Get Ready, Piedmont Disaster Guide


During the



During the Quake

8:00 p.m.

The ground beneath your feet begins to move. The books on the bookcase fall to the floor. The bookcase lurches, then topples. The hanging plant in the corner sways, gathers momentum, sails off its hook and smashes through a window.

A major earthquake will cause violent ground shaking and may make it impossible to stand up. Most injuries result from falling or flying objects and, in some cases, from collapsed ceilings or walls. At the first sign of shaking, you should take cover and protect yourself from falling or flying objects.

If You Are Indoors . . .

Stay there! Unless the building is in danger of collapse, it’s the safest place to be.

Move away from bookcases, china cabinets, fireplaces, and glass doors and windows which can shatter. Don’t try to hold things up, move away from them.

Duck, cover and hold. Take cover under a sturdy table or desk; hold onto the legs, if possible. Or brace yourself in a doorway or against an inside wall.

If you choose to stand in a doorway, be careful that the door doesn’t slam shut and crush your fingers.

If You Are Outdoors . . .

Move to an open area away from buildings, power lines, chimneys and trees.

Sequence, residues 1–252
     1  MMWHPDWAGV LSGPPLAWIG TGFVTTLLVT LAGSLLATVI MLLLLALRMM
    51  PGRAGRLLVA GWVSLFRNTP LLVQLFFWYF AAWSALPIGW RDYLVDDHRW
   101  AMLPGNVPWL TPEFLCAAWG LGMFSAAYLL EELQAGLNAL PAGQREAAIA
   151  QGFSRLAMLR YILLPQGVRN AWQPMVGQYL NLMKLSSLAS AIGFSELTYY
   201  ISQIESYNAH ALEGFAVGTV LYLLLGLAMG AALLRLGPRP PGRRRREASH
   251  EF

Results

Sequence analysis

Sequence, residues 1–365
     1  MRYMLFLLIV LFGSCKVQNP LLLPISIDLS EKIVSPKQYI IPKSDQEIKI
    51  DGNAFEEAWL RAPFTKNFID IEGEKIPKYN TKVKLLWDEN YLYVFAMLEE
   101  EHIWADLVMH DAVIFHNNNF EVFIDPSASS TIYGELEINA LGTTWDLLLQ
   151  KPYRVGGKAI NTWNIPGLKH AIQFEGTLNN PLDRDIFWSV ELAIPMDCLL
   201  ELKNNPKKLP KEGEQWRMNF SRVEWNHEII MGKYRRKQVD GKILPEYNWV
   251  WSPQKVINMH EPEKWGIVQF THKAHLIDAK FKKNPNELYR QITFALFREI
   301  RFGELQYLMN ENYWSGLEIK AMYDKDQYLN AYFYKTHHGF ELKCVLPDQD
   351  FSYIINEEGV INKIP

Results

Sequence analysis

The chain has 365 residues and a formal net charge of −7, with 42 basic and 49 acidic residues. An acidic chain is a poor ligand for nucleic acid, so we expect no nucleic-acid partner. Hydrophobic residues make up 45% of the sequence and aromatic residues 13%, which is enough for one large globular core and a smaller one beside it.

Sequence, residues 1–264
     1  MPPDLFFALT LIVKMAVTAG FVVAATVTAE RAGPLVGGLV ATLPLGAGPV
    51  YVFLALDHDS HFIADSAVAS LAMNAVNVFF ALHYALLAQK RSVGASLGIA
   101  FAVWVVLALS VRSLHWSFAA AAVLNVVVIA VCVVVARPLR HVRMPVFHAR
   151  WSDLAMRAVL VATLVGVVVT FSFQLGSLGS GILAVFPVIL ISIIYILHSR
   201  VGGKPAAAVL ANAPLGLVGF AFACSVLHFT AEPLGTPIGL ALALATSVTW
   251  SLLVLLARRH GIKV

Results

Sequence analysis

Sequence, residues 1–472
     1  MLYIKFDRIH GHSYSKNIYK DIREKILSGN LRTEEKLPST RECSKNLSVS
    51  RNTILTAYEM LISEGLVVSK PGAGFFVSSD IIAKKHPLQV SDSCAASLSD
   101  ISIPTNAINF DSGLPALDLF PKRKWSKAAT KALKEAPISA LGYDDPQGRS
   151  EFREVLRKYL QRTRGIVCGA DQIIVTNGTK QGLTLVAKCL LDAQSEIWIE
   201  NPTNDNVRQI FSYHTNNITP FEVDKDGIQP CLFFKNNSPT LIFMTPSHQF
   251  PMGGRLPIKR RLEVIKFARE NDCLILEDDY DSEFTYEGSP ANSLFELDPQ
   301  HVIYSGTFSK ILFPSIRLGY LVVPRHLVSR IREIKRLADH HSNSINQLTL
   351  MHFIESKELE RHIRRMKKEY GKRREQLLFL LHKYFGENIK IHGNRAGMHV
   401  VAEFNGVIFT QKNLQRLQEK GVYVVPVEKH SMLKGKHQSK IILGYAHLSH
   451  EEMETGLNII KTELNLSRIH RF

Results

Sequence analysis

Try to duck, cover and hold. Get under a picnic table, bus bench, etc.

If you are downtown or near tall buildings, duck inside a building doorway immediately to avoid falling glass and debris. Stay out of the street because that’s where falling debris will land.

Do this . . .

NOT this . . .


Get Ready, Piedmont Disaster Guide


During the Quake

If You Are in a Crowded Public Place . . .

Don’t rush for the door. Your chances of being trampled are greater than your chances of being injured by the quake.

Stay in the center of the room, away from plate glass (it may implode).

Move away from display shelves containing objects that may fall.

If You Are in a High-Rise Building . . .

Stay away from plate glass windows and outside walls.

Move away from filing cabinets and bookcases.

Duck, cover and hold beneath a sturdy desk or table.

Don’t be surprised if the lights go out, or if the sprinkler or fire alarm systems go on.

Use the stairs if evacuation is called for. Elevators are an unsafe means of evacuation.

If You Are in Your Car . . .

Put on your flashers and pull over to the side of the road, away from power lines and overpasses.

Turn off your ignition and set the brake.

Duck and cover your face and head so that breaking windshield glass won’t hurt you.

Stay inside the car until the shaking stops.

Do not attempt to cross bridges or overpasses that may have been damaged.

If You Are Disabled . . .

If you are in a wheelchair, stay in it. Move into a doorway or to an inside wall away from bookcases, glass, etc. Lock the wheels and cover your head with your arms.

Get Ready, Piedmont Disaster Guide 27


What to do Immediately after the Quake

Put on hard hat, gloves, and sturdy shoes.

Check yourself and the people around you for injuries. Shock often hides pain. Give first aid if needed.

Do not turn on a light switch or light a match until you are sure there are no gas leaks. Use a flashlight.

Check for fires and damage to your utilities.